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Dublin: 10 °C Monday 18 March, 2019
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'It can be damaging': People warned to avoid bogus charity collectors over Christmas

ICHH said that people posing as their volunteers had been reported collecting.

Image: Jonathan Brady/PA

IRISH PEOPLE HAVE been warned to ensure they are donating to proper regulated charities on the run up to Christmas, after reports of people posing as a homeless charity to collect money. 

Anthony Flynn – CEO of Dublin charity Inner City Helping Homeless – said that he had been made aware of people posing as volunteers from his organisation carrying out bucket collections. 

“Please be aware we have been advised that 2 individuals in the Pearse Street, Irishtown/Ringsend area are purported to be operating a bucket collection in the area on behalf of Inner City Helping Homeless,” Flynn posted on Facebook. 

We have no bucket collectors in the area and have not authorised such on our behalf.

Speaking to TheJournal.ie, Flynn said that incidents like this had happened before, and he advised people to take extra care when they’re donating.

“Fundraising is a big part of our operation… We don’t take any government funding whatsoever so its very important to us,” he said. 

Everybody is busy this time of year and Christmas is the time for giving… but before [people] donate they should check to make sure that the charity they are donating to is legitimate. 

Flynn said that bogus collectors can have a negative effect on the operations of legitimate charities. 

“If you don’t know who you’re giving to you don’t know where the money is going or where it will end up,” he said. 

Regulation 

The Charities Regulator is responsible for the regulation of all charities and charitable activities in Ireland.

It was established in October 2014 under the terms of the Charities Act (2009).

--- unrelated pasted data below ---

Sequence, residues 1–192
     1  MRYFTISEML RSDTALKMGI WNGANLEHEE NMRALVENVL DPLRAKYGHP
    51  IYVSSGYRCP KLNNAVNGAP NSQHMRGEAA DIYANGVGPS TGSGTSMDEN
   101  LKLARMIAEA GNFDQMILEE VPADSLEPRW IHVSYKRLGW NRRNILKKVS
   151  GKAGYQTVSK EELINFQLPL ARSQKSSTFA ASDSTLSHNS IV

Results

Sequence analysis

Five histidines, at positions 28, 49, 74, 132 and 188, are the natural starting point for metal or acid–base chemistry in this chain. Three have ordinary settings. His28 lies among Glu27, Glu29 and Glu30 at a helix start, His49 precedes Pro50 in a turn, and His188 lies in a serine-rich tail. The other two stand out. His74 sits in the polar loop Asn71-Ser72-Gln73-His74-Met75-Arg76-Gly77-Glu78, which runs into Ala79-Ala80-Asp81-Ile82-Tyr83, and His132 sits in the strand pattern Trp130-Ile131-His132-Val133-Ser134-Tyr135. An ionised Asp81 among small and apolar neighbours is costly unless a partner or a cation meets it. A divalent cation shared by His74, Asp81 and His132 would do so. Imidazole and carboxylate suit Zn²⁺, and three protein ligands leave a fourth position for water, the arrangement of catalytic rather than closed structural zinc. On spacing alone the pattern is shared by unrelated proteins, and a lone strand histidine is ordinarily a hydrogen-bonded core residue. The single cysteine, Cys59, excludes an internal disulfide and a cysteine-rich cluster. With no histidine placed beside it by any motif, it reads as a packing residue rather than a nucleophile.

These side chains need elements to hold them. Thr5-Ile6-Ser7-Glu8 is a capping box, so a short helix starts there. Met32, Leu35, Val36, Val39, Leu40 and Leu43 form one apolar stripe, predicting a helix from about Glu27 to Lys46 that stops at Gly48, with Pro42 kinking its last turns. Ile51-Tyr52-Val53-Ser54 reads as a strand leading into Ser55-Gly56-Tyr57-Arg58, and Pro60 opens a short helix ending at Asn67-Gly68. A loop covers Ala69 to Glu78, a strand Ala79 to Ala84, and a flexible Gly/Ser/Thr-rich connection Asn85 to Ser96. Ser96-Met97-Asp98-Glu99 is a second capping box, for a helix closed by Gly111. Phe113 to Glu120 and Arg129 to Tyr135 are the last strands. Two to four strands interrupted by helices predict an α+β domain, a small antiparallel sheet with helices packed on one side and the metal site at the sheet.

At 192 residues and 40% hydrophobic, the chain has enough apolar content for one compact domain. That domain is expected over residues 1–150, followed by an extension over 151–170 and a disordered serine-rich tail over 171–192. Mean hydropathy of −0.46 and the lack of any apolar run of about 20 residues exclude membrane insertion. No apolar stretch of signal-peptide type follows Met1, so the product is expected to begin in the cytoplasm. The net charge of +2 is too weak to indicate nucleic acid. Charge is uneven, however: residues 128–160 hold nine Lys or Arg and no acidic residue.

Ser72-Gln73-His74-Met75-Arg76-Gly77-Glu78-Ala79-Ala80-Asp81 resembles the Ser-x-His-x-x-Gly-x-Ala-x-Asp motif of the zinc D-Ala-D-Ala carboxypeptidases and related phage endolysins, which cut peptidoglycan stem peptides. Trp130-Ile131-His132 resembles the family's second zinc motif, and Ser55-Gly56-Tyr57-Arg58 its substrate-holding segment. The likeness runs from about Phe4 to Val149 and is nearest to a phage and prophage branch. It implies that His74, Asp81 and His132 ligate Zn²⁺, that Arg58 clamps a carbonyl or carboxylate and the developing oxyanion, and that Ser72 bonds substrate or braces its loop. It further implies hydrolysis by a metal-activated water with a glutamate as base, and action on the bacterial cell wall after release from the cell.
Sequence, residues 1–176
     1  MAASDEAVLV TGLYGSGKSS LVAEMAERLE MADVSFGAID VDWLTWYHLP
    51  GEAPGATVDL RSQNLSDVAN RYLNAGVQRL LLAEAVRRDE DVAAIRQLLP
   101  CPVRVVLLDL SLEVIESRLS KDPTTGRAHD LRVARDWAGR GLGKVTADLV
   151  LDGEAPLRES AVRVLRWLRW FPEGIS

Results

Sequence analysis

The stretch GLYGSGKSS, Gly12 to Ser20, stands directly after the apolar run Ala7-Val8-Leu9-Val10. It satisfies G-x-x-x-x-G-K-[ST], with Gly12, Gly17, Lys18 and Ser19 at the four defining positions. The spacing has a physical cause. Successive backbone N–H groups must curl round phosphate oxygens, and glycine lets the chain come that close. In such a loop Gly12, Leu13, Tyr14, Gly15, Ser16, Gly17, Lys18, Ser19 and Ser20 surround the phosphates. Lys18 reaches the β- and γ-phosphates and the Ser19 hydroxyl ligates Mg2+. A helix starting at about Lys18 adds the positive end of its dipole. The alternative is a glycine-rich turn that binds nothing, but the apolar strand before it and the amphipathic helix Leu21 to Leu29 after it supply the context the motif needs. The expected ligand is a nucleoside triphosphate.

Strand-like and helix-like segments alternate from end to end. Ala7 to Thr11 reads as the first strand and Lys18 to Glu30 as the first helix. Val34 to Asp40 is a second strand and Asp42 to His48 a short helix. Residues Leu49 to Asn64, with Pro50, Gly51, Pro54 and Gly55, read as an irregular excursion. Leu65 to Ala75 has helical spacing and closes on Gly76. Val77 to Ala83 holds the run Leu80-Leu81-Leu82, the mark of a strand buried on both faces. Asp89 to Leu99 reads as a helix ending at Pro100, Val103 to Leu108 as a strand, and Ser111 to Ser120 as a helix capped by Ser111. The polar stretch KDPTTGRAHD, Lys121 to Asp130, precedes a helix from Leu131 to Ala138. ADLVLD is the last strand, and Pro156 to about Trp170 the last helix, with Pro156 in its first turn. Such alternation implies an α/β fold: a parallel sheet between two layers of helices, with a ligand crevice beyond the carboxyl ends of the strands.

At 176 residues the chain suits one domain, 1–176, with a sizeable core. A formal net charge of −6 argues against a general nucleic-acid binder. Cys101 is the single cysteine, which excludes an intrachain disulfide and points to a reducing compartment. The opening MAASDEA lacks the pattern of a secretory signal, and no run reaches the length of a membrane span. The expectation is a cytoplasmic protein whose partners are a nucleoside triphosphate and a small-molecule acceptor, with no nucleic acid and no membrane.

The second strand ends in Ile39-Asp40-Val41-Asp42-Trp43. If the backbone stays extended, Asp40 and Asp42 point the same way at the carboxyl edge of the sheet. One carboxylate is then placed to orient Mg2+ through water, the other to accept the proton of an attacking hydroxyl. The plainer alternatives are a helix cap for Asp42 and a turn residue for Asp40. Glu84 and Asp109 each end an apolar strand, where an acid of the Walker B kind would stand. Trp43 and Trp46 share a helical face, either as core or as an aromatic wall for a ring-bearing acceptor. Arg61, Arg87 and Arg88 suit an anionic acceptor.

Its primary function is to set up and maintain a public register of charitable organisations operating in Ireland and ensure their compliance with the Charities Acts.

The Charities Act was brought into law with the purpose of regulating the not-for-profit sector in Ireland, which previously had much less in the way of proper guidelines for operations and accountability.

In the past, a more ad hoc approach was taken by charities, with many operating with little oversight or regulation. In a lot of cases, this led to various issues in terms of financial mismanagement and improper governance. 

As of the last few years, it is a requirement that every charity be registered with the regulator. Charities must fulfill certain criteria to be registered.

All these means that people claiming to be collecting for a certain charity should be able to prove that they are an official, registered organisation. 

Tips

The regulator issued advice to people looking to donate over the Christmas period. Tips (among others) include:

  • Check the charity name, logo and Registered Charity Number (RCN) that appear on any collection leaflets;
  • Ensure any fundraising materials have clear contact and registration details
    for the charity;
  • Check that the person collecting the donation has official identification and
    has a permit to collect in that particular area;

Anthony Flynn said that collectors should be able to produce identification and documentation to prove they are legitimate if someone asks.

As well as this, anyone carrying out bucket collection is required to have a permit dated and signed by the local garda superintendent. 

“We encourage people to check 100% if [collectors] are legitimate and collecting on behalf of a registered charity,” Flynn said.

He also said that the safest way of donating money is probably online through a charity’s website.  

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About the author:

Cormac Fitzgerald

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